Finleyville car crash victim’s recovery nets comeback award from trial lawyers association |

Finleyville car crash victim’s recovery nets comeback award from trial lawyers association

Brenda Gump, 56, (right) of Finleyville will receive the Western Pennsylvania Trial Lawyers Association 2014 Comeback Award on Thursday. Gump was critically injured in a car accident on June 11, 2010, the day before her daughter’s wedding. She is sitting with her daughter, Dana Gump, 31.

A serious car accident on the way to her daughter’s wedding rehearsal put Brenda Gump in a coma for six weeks and left her with no short-term memory.

Four years later, Gump, 56, of Finleyville in Washington County plays cards, board games and crossword puzzles. Although she needs around-the-clock supervision, she’s able to walk with a cane and visits a brain injury recovery group and personal trainer once a week.

Her recovery earned her the Western Pennsylvania Trial Lawyers Association 2014 Comeback Award, which she’ll receive Thursday at the Grand Concourse restaurant in Station Square. The association will donate $1,000 to The Brain Recovery Crew, a Bethel Park nonprofit, in her honor.

“Just the fact that she’s alive is amazing,” said Anthony Mengine, Gump’s lawyer. Last month, she won a $15.8 million verdict against the Connecticut construction company that a civil jury found partially responsible for the accident. “She’s come way back.”

Gump does not remember the June 11, 2010, accident along Route 51 in Pleasant Hills. She doesn’t remember that her four children are married and don’t live with her anymore. And she doesn’t know her grandchildren, all of whom were born after the accident.

“With such a significant brain injury, she’s brought back to an almost childlike state,” said her daughter, Dana Gump, 31, of Finleyville, who eventually got married a year after the accident and is now a mother. “It’s hard for her to express herself the way she would want to, and from minute to minute, day to day, she’ll call me — sometimes 10 times a day — because she doesn’t remember.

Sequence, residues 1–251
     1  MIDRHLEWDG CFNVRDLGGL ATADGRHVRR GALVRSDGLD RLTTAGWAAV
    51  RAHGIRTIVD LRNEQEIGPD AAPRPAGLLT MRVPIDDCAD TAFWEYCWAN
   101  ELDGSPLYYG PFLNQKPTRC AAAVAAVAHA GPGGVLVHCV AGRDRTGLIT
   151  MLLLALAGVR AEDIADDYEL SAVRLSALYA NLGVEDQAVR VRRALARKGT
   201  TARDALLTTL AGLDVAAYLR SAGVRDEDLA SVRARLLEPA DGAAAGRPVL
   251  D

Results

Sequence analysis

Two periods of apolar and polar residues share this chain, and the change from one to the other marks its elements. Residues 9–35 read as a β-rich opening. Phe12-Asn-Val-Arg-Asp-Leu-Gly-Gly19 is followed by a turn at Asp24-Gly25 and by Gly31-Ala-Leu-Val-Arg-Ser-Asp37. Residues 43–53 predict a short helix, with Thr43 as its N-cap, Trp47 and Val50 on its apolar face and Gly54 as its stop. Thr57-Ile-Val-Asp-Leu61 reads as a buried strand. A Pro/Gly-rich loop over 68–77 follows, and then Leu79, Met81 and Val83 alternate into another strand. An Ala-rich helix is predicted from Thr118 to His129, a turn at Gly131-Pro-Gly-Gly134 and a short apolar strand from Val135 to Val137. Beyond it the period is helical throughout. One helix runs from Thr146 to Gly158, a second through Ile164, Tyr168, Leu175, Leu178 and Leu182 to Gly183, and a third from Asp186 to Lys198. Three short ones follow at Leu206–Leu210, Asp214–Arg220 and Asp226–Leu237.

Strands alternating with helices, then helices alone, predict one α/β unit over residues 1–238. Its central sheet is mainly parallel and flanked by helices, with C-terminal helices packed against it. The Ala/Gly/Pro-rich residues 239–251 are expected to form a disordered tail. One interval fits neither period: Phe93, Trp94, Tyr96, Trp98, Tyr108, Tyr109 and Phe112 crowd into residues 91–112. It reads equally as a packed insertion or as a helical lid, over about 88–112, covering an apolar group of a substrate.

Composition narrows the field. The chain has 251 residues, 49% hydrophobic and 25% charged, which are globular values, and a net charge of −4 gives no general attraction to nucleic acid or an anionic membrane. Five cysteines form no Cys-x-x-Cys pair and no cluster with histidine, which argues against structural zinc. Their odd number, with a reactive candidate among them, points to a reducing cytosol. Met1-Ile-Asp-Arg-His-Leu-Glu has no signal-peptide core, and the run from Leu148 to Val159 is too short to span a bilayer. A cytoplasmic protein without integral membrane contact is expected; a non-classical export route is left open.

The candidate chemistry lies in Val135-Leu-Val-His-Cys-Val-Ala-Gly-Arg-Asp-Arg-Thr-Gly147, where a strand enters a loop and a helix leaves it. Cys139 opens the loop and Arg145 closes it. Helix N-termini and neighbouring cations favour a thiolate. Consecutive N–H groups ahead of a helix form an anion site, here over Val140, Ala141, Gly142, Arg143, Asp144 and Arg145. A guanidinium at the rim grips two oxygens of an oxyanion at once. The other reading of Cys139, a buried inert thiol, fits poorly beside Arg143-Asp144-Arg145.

“That’s the biggest deficit. That’s the biggest challenge.”

Gump underwent surgery to remove part of her brain after the accident. Doctors told her family that she never would be able to walk, talk, feed or bathe herself again.

Dana Gump, an executive recruiter at Princeton One on the North Shore, said that was not acceptable to her family or her mother.

“She put up a tremendous fight, and she still does to this day,” she said.

The collision occurred as Gump’s son, Daniel, tried to turn left from Route 51 to Primanti Bros. restaurant, where Dana Gump’s rehearsal dinner was scheduled. A driver in the left lane allowed him to turn, but did not see a pickup approaching.

“Even as I saw the crash, I couldn’t let myself believe it was happening,” Dana Gump said. “You go from the highest point — getting married in a few hours — to thinking your mother may have passed away.”

Dana Gump said her family sued Lane Construction Corp., PennDOT and the driver of the other vehicle because mounting medical bills became too expensive for the family to handle.

When PennDOT and the other driver settled with the family before trial, Lane became responsible for all $15.8 million.

The company has not paid, and the case remains on appeal, Mengine said. A Lane official did not return calls for comment.

Dana Gump said her mother’s injuries have made life difficult.

Brenda Gump once did everything for her kids; now they’re the ones who must be responsible for her, she said. It has brought the family closer than ever.

“You see things in a different light now. Every kiss she gets from her grandkids, every little thing,” she said. “Unfortunately, until something is taken from you, you don’t always appreciate it to the fullest.”

Adam Brandolph is a staff writer for Trib Total Media. He can be reached at 412-391-0927 or [email protected].

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